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That is a *very* big "if" :-) In any sort of traffic, the chances of not needing to stop at a junction or at lights is negligible. And my car can't be started in-gear even on level ground: the starter motor doesn't get the engine going fast enough for it to fire if it's having to propel the car in first as well as overcome normal engine friction. Maybe diesels are harder to start in-gear than petrols because of the higher compression ratio.
And it doesn't solve the problem if the car jams in gear so you can't disengage (as opposed to not being able to engage) when you are on a steep uphill. I did try it and the car didn't move at all but the lights dimmed...
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On Mon, 17 Jul 2017 10:44:48 +0100, NY wrote:

I had that issue once and was lucky to be able to get going. On level ground in Braintree when it failed; I managed to get all the way home to East Kent wothout stopping - 90 odd miles. The synchro was worn but I was fine with double declutching etc.
It was fund throwing the money at the guy in the booth at the Dartford tunnel tolls! (yes, tunnel)
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On Monday, 17 July 2017 10:44:47 UTC+1, NY wrote:

I've used starting in gear as a way to get a car going when it couldn't get the engine past compression. It adds enough inertia to tide it over compression & get it going.
Diesels can be very fussy. The last one was diesel & wouldn't start if turnover speed was even a bit below maximum charge.
NT
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On Mon, 17 Jul 2017 10:44:48 +0100, NY wrote:

Also modern cars don't appear to have starter motors, but run the alternator in reverse to spin the engine ...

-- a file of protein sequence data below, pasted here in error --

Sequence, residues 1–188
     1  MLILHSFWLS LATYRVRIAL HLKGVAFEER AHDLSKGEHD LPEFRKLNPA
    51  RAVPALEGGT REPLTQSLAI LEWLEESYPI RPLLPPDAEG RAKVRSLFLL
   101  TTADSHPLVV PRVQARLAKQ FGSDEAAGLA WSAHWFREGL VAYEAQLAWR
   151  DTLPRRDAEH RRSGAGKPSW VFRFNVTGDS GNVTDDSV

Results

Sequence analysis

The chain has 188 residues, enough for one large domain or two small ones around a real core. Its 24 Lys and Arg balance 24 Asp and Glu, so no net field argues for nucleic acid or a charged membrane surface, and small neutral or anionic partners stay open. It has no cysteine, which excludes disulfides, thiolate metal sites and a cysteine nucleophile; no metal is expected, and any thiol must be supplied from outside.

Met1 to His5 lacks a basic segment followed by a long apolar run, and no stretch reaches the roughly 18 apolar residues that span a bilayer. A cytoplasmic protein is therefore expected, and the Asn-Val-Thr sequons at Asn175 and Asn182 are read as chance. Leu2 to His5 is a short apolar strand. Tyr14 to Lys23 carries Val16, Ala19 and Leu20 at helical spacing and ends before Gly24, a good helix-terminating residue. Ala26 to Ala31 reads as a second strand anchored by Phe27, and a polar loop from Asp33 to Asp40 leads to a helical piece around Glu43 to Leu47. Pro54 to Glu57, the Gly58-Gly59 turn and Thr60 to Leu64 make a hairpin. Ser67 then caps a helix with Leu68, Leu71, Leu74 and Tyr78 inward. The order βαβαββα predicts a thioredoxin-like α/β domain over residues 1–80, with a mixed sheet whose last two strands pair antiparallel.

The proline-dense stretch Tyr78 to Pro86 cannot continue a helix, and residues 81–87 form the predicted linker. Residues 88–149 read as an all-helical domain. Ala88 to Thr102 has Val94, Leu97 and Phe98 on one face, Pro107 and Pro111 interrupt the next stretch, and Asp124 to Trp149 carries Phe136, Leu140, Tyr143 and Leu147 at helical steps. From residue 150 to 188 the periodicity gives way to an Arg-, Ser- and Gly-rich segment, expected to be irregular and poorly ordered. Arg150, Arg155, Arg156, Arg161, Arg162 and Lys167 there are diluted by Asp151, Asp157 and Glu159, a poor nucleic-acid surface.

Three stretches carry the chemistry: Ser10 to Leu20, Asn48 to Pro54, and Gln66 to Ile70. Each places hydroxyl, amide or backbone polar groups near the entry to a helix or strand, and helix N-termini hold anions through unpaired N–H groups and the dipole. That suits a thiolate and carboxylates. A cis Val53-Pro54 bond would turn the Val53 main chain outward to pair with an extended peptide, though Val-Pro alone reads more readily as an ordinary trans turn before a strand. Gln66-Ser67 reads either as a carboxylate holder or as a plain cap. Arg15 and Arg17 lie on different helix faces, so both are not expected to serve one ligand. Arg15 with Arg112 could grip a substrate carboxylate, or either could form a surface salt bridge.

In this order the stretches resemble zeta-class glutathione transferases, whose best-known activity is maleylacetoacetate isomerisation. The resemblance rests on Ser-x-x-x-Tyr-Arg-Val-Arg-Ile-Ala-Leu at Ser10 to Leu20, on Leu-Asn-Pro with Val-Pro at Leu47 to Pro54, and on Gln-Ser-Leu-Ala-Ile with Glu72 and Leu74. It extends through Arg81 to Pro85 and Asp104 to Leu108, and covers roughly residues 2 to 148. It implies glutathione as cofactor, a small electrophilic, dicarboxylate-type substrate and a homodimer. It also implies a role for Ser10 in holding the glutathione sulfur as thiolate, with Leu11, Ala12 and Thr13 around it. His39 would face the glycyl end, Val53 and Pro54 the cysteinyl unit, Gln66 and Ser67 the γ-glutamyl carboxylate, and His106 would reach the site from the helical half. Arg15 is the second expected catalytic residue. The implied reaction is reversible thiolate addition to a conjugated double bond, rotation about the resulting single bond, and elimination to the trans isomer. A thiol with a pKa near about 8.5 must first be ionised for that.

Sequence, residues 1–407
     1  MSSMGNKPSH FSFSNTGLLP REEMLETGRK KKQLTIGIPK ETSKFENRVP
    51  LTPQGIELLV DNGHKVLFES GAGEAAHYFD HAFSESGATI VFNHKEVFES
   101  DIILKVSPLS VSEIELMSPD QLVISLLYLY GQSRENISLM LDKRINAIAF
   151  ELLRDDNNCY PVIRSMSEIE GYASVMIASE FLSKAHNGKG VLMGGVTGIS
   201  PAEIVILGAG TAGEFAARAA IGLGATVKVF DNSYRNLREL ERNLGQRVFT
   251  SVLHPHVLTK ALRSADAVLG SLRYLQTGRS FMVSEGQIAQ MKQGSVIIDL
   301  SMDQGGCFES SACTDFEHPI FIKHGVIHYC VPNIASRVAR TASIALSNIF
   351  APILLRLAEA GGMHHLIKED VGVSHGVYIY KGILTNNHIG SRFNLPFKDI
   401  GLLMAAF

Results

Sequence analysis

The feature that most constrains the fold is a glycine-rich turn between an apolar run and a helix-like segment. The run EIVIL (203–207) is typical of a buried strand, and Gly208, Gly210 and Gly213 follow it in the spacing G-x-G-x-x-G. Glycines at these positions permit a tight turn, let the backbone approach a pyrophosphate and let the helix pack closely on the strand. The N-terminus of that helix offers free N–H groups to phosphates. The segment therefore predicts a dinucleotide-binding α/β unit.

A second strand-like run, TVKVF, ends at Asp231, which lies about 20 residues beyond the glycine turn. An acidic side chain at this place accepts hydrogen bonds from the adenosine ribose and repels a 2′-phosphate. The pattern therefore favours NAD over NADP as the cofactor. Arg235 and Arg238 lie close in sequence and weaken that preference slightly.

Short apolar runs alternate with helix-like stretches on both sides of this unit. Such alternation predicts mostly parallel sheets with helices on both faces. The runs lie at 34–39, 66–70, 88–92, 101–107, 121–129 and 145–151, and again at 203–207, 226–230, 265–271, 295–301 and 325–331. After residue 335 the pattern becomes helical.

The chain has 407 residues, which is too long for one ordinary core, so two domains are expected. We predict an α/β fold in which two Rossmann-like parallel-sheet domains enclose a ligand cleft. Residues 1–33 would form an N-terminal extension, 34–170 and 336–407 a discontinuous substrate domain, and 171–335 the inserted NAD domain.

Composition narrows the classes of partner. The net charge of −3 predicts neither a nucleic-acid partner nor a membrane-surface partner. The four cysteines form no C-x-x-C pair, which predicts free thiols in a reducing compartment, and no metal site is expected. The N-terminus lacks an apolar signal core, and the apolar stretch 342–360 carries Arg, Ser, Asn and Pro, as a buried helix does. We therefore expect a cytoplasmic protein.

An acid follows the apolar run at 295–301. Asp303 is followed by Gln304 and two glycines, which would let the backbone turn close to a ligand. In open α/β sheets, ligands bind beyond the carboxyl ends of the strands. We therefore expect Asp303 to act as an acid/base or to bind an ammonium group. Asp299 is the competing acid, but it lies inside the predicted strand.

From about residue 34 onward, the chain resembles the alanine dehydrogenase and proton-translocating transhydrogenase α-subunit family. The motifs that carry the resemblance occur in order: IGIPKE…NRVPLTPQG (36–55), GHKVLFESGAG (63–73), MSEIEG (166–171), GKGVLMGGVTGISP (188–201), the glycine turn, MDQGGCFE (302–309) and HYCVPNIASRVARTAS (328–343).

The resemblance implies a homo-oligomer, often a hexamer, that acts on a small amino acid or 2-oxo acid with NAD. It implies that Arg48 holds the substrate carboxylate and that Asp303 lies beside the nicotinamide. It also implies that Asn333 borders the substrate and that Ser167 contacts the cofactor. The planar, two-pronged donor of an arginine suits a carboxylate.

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Is that necessarily a bad thing if it delivers enough torque to the engine to turn it in all normal circumstances? One thing occurs to me though: most alternators are driven by the "fan belt" (which doesn't drive the fan if the car has an electric fan), so is this capable of delivering enough torque to the engine when the alternator is acting in reverse as a motor, without slippage of belt on pulleys? Presumably the torque required to turn over a cold engine (when the alternator is acting as a motor) is far greater than the torque needed to drive the alternator when it is supplying a normal electrical load.
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I doubt it's quite that simple. An alternator runs at about twice engine speed. Starter motors are geared down to something like 20:1.
There are combined units, though. Quite common on some motor bikes. Not sure about cars.
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On Sat, 15 Jul 2017 20:37:36 +0100, NY wrote:

I can't comment on this last paragraph but the last time I had similar clutch trouble (snapped clutch cable on a 6cwt Vauxhall van about 25 to 30 years ago), the works garage told me to drive it in, advising me how to deal with the problem of setting off from a standstill sans clutch after I complained about my difficulty in meeting their request).
It proved to be ridiculously simple to drive sans clutch once I'd absorbed the half minute 'over the phone lesson in driving without the aid of a clutch'. This trick basically amounts to slipping into neutral on approaching stopping places (junctions, traffic lights on red etc) and switching the engine off immediately followed by engaging first gear once at a standstill.
Setting off is just a simple matter of starting the engine whilst in gear without operating the accelerator until the vehicle has started moving and the engine has chugged into life whereupon you apply gentle pressure on the accelerator to bring it up to normal for first gear road speed followed by further upward clutch-less gear changes which, even back then was a piece of piss courtesy of synchromesh and the art of 'slipping' in and out of gear by synchronising the engine and road speeds.